February 17, 2014

THE SKED Review: “The Tonight Show with Jimmy Fallon”


A guy–almost always a middle-aged white guy–walks out onto a stage and delivers a 10 or 15 minute stand-up routine about current events, to the cameras and a live audience of a few hundred people.  Then he sits behind a desk and for another 10 minutes or so, he does a pre-scripted (sometimes pre-taped) comedy bit.  After that, a guest or two comes out, each with something to promote, and each the subject of a brief, superficial, mildly humorous interview.  The evening ends with a musical performer, also with something to plug, doing a number, and then “Thanks for watching–tune in tomorrow!”.

It may be, next to the network evening news, the part of television that has changed the least since the medium began.

As it happens, I know a bit about the crazy transition between late-night talk show hosts.  I was the intellectual property lawyer at NBC during that weird period between the last days of David Letterman’s tenure and the start of Conan O’Brien’s, and if I told you the number of hours of my life that were spent trying to find a rationale for how Letterman could be kept from bringing his Top 10 List to CBS, you would weep.  (Or at least giggle.)   Hundreds of millions of dollars were at stake when one of these ascensions occurred, and the shifts from Johnny Carson to Jay Leno, and then from Leno to Conan (and then back again) were epochal moments in mass culture, the subject of bestselling books and at least one movie.

All of that seems like a very long time ago.  Letterman, when he burst onto the scene, brought something genuinely fresh to the formula with his surreal, conceptual take on it, but with all due respect to Dave, when was the last time he did anything truly innovative or exciting?  Jon Stewart has provided a sharp left turn by adding genuine political passion and a point of view to the mix, but even his show sticks to the format.  Late-night talk shows were once cash cows for the networks, but now they’re just another daypart struggling to maximize profit, as the network shows fall behind not just Comedy Central’s duo of Stewart and Stephen Colbert, but also behind Adult Swim’s cartoons, not to mention the DVR’d shows that many people prefer to watch before they go to sleep.

Tonight was Jimmy Fallon’s turn to claim the once-storied desk of THE TONIGHT SHOW, and his transition from Jay was about as smooth as one of these can be–and, as a result, quite unexciting.  No one, not even NBC, expects Fallon to change the complexion of late-night television; they’ll be happy if he holds his own, especially with younger viewers defecting to Jimmy Kimmel on ABC, to cable and to other uses of their time.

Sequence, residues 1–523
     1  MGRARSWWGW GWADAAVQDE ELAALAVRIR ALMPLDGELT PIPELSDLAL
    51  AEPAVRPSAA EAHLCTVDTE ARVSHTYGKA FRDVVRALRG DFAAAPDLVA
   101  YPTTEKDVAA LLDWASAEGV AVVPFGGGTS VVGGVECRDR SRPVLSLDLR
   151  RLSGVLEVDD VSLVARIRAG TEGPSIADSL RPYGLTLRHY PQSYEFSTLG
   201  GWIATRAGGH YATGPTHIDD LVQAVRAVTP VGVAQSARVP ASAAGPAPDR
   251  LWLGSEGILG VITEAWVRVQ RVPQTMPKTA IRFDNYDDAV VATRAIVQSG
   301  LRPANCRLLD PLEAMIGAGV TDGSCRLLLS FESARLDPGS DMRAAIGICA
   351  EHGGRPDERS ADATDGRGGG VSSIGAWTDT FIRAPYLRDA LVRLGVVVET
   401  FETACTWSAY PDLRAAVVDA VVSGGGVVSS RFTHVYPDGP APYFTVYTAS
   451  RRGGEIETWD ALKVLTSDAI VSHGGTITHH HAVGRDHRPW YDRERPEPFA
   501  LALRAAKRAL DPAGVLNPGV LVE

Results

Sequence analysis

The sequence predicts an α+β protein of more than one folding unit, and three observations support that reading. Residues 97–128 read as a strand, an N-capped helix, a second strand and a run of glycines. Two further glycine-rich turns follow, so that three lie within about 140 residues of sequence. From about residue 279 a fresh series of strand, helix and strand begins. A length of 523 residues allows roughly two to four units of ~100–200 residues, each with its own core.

Fallon is a personable host, and in this job, being likable is at least as important as being hilarious.  His monologue (mostly jokes about the Olympics) provoked little more than a mild smile, but none of it was painful.  Since this was the premiere, the desk bit featured a multitude of celebrities (Colbert, Tina Fey, Robert DeNiro, Lindsay Lohan, the banished-by-Carson Joan Rivers, Mike Tyson and Seth Rogen among them) for mostly silent cameos supposedly paying off $100 bets that Fallon would never become host, and U2’s musical number was staged on 30 Rock’s picturesque rooftop instead of in the studio.  (In this, as in the Spike Lee-directed opening credits, Fallon is trying to play up the new Tonight Show‘s New York setting.)  Will Smith was the main guest, and although he’s a “get” as a huge movie star (with nothing to promote this week), his brand of somewhat impersonal practiced charm was perhaps too on the money for the tone of this hour, which felt spontaneous only when Fallon’s father apparently went off-book to shout some proud remarks when he was introduced in the audience.

It may or may not end up being a selling point for Fallon that he’s the only host without any clear persona:  Letterman is the cranky old genius, Kimmel the blue-collar working-stiff comic (ironically, given his distaste for Leno, he’s Jay’s real successor), Stewart the liberal wise guy and Colbert always in character.  Even Craig Ferguson owns the brand for the most freewheeling of the talk shows.  Fallon’s one notable aspect is his set of musical chops, which has made for some truly inspired parodies (often with the real musicians involved as well as the first-rate house band The Roots), but by definition the tone changes with the specific sketch.  It’s given him much-valued viral popularity online, although NBC, like the other networks, has yet to figure out how to monetize that.  Somewhat surprisingly, the show didn’t feature those skills tonight, aside from a hip-hop dance bit with Smith.  (Justin Timberlake, Fallon’s BFF, will come by on Friday and presumably play that up.)

The last of the old-guard generation of late-night hosts is now Letterman, who’s under contract for another couple of years.  People will make a fuss when he finally decides to depart, but will they care who replaces him?  An entire era of TV history feels like it’s going the way of Gunsmoke, unless someone can truly succeed Letterman by doing what he once did, and reimagining the form.


About the Author

Mitch Salem
MITCH SALEM has worked on the business side of the entertainment industry for 20 years, as a senior business affairs executive and attorney for such companies as NBC, ABC, USA, Syfy, Bravo, and BermanBraun Productions, and before that, at the NY law firm of Weil, Gotshal & Manges. During all that, he has more or less constantly been going to the movies and watching TV, and writing about both since the 1980s. His film reviews also currently appear on and In addition, he is co-writer of an episode of the television series "Felicity."